Saturday, February 4, 2023

Spring Bike Rodeos: Learning How to Ride for Safety

In partnership with the City of Coronado, San Diego County Bicycle Coalition, Coronado MainStreet, and Coronado Mobility Commission, the Coronado Unified School District recently offered three Spring Bike Rodeos for the Coronado community. These events highlighted bike safety educational training and emphasized the importance of safety, especially with the increase in popularity of electric bikes (e-bikes) and scooters. 

I had the opportunity to participate in the second Spring Bike Rodeo held at Village Elementary School. The one-hour session was led by instructors certified by the League of American Bicyclists. We began with bike helmet and bike safety checks, including learning how to ensure that the brakes, chains, air in tires, and seat height were all perfectly configured for the rider. Although riders above the age of 18 are not required to wear helmets, they are still highly recommended. After splitting into two groups, my instructor Mr. Kevin, led us through a series of safety oriented stations.

The first station stressed the importance of having control over your bike. Participants lined up on a track and the goal of the “race” was to cross the finish line last. Having to go as slowly as possible required concentration on balance and coordination, and I learned that standing upright was much easier than sitting down while maneuvering in a straight line.

Fellow riders and I lined up along the track to “race” towards the finish line. This exercise emphasized having control over your bike.

The second station emphasized yielding, common courtesy, and communication. Fellow riders and I followed a figure eight track, and we learned that whoever approached the intersection first had the right of way. In the case where multiple people lined up behind two places, riders would alternate proceeding forward. Just like cars and other vehicles, bicycles and scooters are required to stop at stop signs and at red lights.

This station emphasized yielding, common courtesy, and communication. Cones were set up to provide a mock intersection as participants navigated their way through the figure-eight track.

In our third station, we practiced turning our upper bodies and heads to the left, simulating a real-life situation where we would have to look for cars behind us. Since cyclists always ride on the right side of the road, we always turn our heads to the left to ensure that we will not be hit. 

This station allowed riders to practice turning their heads and upper bodies to the left, ensuring that the car behind them will not hit them.

Our last station was a simple game of follow the leader, where fellow riders and I followed closely behind one of the instructors. We ended the informative session with a recap of what we had learned, bike safety, and gift cards and coupons from local stores were awarded to the participants.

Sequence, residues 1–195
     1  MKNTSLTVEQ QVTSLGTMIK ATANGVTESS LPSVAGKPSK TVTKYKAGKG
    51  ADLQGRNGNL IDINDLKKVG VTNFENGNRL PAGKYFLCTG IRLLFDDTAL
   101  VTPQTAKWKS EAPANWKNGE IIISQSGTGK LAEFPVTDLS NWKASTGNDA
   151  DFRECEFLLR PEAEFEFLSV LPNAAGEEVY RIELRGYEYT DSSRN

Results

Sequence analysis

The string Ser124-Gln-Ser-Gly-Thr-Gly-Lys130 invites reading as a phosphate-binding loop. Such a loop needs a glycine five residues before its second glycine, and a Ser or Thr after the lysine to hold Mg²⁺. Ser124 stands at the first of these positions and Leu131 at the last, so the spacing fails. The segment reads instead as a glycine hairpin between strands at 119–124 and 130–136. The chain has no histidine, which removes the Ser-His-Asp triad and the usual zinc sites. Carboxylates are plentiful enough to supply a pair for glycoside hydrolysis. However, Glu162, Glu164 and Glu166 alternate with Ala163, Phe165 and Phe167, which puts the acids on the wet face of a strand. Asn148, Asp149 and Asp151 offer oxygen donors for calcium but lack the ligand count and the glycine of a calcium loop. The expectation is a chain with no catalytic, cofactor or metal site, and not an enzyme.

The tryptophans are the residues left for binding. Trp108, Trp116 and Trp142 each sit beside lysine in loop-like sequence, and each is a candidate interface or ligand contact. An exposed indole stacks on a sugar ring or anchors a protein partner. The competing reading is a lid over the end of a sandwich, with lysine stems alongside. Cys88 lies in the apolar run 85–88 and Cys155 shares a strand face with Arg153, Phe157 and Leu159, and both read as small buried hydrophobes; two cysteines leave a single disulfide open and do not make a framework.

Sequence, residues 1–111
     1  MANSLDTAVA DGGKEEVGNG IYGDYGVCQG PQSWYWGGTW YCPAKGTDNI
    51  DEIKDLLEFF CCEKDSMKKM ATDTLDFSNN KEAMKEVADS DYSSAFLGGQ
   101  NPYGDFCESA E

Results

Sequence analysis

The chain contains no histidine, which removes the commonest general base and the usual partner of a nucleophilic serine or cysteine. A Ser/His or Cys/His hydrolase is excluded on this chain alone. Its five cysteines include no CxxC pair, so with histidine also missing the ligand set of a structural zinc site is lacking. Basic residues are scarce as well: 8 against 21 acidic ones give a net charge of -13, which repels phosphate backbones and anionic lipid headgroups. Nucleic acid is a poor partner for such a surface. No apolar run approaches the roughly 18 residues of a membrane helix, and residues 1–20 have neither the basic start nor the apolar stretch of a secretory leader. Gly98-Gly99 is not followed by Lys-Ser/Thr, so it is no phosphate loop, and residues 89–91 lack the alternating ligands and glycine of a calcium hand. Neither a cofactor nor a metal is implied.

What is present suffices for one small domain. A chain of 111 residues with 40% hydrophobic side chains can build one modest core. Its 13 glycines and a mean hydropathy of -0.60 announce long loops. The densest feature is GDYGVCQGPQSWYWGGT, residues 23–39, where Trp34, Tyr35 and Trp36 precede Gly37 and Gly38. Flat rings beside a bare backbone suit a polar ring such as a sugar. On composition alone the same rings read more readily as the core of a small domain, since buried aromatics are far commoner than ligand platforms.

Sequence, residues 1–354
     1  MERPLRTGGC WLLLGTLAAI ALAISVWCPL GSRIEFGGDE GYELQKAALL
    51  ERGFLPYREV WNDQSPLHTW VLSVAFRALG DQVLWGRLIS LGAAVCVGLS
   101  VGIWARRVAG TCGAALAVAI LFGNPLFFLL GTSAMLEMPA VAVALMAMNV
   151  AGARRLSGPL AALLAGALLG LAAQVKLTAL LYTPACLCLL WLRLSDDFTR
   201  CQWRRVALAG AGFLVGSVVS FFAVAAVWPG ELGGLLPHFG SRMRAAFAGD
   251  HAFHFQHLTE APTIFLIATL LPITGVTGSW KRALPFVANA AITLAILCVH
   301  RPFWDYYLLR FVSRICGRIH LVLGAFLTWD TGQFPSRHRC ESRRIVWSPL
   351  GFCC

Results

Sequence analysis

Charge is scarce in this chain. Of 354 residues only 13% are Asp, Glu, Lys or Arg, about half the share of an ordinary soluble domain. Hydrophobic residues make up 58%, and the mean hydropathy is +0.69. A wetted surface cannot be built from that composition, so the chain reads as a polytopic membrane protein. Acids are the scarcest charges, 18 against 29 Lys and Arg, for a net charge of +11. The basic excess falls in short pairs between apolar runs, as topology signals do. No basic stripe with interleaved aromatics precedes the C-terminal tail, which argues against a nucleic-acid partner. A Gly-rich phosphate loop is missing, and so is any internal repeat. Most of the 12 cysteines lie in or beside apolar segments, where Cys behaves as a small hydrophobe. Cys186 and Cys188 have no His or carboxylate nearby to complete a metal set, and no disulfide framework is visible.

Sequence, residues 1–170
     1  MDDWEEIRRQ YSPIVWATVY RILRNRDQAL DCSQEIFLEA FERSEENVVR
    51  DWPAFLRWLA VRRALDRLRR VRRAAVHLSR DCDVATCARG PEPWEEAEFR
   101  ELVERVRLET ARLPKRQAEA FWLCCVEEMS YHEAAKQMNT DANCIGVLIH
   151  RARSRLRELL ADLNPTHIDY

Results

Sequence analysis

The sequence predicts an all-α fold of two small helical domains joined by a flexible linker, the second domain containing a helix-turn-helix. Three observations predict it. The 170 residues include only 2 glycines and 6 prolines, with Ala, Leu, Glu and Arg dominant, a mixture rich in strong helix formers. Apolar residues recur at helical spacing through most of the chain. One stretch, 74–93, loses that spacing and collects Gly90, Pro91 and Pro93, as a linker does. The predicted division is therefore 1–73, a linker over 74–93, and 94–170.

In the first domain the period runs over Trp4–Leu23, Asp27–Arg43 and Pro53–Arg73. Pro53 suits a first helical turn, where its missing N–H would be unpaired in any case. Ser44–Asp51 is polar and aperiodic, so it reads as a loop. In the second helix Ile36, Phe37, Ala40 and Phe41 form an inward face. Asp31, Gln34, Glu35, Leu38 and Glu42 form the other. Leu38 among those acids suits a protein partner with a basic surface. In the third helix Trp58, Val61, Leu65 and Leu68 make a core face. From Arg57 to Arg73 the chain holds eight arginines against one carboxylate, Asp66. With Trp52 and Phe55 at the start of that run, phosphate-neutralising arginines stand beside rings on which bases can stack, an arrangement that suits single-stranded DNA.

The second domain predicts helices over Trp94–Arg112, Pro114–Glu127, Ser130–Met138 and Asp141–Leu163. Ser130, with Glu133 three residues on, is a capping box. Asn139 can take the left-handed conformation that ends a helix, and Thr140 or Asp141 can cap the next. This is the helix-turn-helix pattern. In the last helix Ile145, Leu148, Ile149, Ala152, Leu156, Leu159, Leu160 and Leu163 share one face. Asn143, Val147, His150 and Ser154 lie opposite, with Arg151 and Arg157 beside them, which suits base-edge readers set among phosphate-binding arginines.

Mr. Kevin, the lead instructor, shared with me, “I teach e-bike classes a lot to both adults and kids, and one of the things I help them remember is that, sure, there is a speed limit, but the number on the sign isn’t as important as your speed relative to the traffic around you. So if the speed limit says 20, but everyone’s walking and going four miles an hour you should probably also be going four miles an hour. And on the other side of that coin, if you’re in the street and everyone’s going 25 miles an hour your bike should probably be able to go that fast as well. So, the space is there for everyone to use and the more predictable we are, be it an e-bike or a regular bike, the safer everybody will be.” 

Bike safety instructor Mr. Kevin led me through the intersection, allowing alternate bikers to proceed forward.

The Spring Bike Rodeos were both a fun and thorough way to bring awareness of safety on the road to bicyclists and those who ride scooters. Armed with this information, bikers have a renewed focus on safety, which will contribute greatly to the goal of an accident free community. 

 



Bella Villarin
Bella Villarin
Bella is a proud military brat who has been a resident of Coronado since 2015. She was born in Japan, and after a short stay in Virginia, traveled extensively throughout Asia while living in Singapore and picking up another language. A junior at Coronado High School, Bella can be found at the driving range or golf course when not in school, studying, writing, playing the guitar, or spending time with her family. Have news to share? Send tips, story ideas or letters to the editor to: [email protected]
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